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In Poland, Kerry Says Spying Row Should Not Cloud Trade Talks


U.S. Secretary of State John Kerry (left) heads into a meeting with Polish Foreign Minister Radoslaw Sikorski in Warsaw on November 5.

U.S. Secretary of State John Kerry (left) heads into a meeting with Polish Foreign Minister Radoslaw Sikorski in Warsaw on November 5.

U.S. Secretary of State John Kerry says European concerns over electronic surveillance by U.S. intelligence agencies should not be allowed to disrupt trade talks between the United States and the European Union.

Kerry, speaking on a visit to Poland on November 5, said discussions over the alleged surveillance of European leaders and citizens should be entirely separate from negotiations on a new trans-Atlantic trade deal.

"This is a trade partnership. It has the ability to lift all of our countries," Kerry said. "Europe has obviously been having a very challenging economic time and the United States has also had its challenges. We're starting to come back and get a lot stronger, but the Transatlantic Trade Partnership is really separate from and different from any other issues that people may have on their minds."

Allegations that the U.S. National Security Agency (NSA) monitored the telephone calls of millions of Europeans, including the German chancellor, have triggered a rift in trans-Atlantic ties.

Kerry said "the right balance" should be found between ensuring citizens' protection from terrorist threats and their right to privacy.

The new trade and investment agreement between the United States and the European Union would be the world's biggest free-trade deal.

The European Commission, the EU's executive arm, said on November 4 that the talks will go ahead next week in Brussels as planned.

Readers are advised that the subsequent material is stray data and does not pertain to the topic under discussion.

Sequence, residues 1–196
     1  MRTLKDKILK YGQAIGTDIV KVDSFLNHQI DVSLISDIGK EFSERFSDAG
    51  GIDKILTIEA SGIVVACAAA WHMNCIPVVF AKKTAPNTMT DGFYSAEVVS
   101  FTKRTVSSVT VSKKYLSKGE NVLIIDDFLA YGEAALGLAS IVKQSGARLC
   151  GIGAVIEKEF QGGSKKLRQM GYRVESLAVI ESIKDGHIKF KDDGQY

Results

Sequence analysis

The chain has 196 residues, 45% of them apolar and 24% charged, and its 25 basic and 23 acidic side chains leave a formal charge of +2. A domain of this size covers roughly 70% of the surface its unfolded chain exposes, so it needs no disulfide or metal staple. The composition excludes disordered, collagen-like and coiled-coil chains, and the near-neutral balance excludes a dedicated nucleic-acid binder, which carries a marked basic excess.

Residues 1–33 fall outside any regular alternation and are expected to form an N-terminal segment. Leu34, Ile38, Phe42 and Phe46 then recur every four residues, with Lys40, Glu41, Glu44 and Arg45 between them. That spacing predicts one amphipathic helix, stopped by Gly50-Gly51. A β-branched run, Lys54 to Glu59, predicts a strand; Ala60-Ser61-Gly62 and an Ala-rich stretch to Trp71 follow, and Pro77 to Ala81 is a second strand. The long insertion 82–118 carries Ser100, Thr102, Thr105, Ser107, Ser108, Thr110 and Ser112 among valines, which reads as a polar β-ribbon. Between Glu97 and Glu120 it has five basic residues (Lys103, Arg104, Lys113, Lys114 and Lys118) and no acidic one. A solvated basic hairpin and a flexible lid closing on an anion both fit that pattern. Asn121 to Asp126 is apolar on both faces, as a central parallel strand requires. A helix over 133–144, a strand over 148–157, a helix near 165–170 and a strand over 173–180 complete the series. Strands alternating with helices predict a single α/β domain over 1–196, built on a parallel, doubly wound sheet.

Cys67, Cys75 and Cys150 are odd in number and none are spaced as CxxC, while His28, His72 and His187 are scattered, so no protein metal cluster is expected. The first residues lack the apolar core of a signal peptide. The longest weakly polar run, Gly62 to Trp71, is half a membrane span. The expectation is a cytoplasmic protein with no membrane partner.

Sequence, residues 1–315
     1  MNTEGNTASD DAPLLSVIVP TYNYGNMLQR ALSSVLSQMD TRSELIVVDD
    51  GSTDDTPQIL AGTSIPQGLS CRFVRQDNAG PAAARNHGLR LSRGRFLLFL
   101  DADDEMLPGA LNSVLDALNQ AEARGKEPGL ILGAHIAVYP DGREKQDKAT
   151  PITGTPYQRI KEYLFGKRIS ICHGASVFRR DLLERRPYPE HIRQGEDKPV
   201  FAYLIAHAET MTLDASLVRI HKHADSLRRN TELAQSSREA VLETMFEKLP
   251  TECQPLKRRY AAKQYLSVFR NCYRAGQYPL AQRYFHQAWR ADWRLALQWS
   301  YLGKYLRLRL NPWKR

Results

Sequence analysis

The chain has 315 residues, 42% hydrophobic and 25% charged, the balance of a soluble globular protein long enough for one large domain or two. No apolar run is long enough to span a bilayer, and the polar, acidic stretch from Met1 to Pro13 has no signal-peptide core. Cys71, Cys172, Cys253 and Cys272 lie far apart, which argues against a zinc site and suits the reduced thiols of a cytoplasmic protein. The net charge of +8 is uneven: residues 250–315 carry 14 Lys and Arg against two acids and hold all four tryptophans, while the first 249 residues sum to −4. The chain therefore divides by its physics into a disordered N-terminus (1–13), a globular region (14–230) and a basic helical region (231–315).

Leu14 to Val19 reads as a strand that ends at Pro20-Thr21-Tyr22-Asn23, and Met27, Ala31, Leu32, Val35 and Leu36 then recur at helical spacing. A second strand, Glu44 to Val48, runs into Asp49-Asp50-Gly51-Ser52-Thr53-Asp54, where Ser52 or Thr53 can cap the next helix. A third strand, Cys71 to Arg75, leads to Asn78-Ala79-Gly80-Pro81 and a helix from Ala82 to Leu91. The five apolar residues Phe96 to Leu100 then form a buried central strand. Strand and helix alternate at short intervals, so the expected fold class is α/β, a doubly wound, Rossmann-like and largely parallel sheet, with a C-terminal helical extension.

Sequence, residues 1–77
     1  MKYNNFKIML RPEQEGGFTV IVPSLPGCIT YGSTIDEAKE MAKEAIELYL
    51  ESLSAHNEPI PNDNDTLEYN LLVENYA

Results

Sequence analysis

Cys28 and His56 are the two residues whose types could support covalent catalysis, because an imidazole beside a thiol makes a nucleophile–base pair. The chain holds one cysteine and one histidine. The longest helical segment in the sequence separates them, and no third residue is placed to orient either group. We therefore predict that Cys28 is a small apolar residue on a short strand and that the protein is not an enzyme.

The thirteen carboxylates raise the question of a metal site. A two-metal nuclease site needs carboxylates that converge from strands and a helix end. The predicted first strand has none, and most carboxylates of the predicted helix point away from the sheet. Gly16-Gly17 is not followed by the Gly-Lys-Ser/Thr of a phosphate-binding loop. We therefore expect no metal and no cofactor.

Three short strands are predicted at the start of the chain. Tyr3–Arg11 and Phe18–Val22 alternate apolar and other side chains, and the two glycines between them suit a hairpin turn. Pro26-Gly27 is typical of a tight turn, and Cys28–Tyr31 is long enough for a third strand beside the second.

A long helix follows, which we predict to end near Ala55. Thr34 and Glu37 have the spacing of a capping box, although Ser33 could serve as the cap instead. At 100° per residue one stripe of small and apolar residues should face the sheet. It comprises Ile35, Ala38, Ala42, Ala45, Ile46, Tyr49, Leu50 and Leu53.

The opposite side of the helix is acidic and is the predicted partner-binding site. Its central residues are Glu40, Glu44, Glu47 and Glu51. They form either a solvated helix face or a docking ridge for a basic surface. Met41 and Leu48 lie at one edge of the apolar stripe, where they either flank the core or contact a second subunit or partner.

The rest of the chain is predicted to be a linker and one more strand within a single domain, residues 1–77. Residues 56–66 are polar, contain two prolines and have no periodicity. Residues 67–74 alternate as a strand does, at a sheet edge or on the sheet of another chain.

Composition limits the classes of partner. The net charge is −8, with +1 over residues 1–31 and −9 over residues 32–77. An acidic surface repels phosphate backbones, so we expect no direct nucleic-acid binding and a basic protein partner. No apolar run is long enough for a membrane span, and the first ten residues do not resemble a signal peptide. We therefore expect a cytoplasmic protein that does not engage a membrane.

Kerry, speaking after talks with Polish Foreign Minister Radoslaw Sikorski, also said U.S. plans for missile defense in Europe were "absolutely on target."

The NATO missile-defense plan, which has infuriated Russia, envisages deploying dozens of interceptors in Romania and Poland between now and 2018.

Poland sought reassurances that Washington would not abandon the plans after President Barack Obama reduced the scale of the deployment.

Kerry's visit to Poland is part of an 11-day tour of the Middle East, North Africa, and Europe.

Addressing the situation in Syria, Kerry reiterated that there is no military solution to the 2 1/2-year-old conflict that has killed more than 115,000.

"I hope that the Syrian government and the Russians and Iranians and others who support the Syrian regime will make certain that the Syrian regime will live up to its obligation to come to Geneva to negotiate a peaceful resolution of the conflict in Syria," Kerry said.

Kerry's comments came as Russian and U.S. negotiators prepared to hold talks later on November 5 in Geneva with UN-Arab League envoy Lakhdar Brahimi.

The talks aim to assess prospects for a peace conference, dubbed Geneva 2, amid broad disagreements about who should attend the meeting and growing differences among Syrian opposition groups.

Based on reporting by Reuters and AP
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